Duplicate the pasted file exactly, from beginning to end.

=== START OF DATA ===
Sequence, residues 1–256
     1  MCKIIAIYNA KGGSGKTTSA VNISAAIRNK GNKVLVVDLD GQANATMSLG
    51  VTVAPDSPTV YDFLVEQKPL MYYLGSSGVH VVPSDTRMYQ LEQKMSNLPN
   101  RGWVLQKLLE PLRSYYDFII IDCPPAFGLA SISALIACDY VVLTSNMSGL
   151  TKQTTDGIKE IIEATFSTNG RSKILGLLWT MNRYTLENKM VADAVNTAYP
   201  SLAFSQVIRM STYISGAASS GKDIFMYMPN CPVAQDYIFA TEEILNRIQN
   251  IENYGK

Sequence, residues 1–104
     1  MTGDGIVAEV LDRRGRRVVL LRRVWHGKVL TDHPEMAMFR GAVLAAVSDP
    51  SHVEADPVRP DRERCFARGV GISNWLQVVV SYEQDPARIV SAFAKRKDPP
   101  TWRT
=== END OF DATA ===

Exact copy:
Sequence, residues 1–256
     1  MCKIIAIYNA KGGSGKTTSA VNISAAIRNK GNKVLVVDLD GQANATMSLG
    51  VTVAPDSPTV YDFLVEQKPL MYYLGSSGVH VVPSDTRMYQ LEQKMSNLPN
   101  RGWVLQKLLE PLRSYYDFII IDCPPAFGLA SISALIACDY VVLTSNMSGL
   151  TKQTTDGIKE IIEATFSTNG RSKILGLLWT MNRYTLENKM VADAVNTAYP
   201  SLAFSQVIRM STYISGAASS GKDIFMYMPN CPVAQDYIFA TEEILNRIQN
   251  IENYGK

Sequence, residues 1–104
     1  MTGDGIVAEV LDRRGRRVVL LRRVWHGKVL TDHPEMAMFR GAVLAAVSDP
    51  SHVEADPVRP DRERCFARGV GISNWLQVVV SYEQDPARIV SAFAKRKDPP
   101  TWRT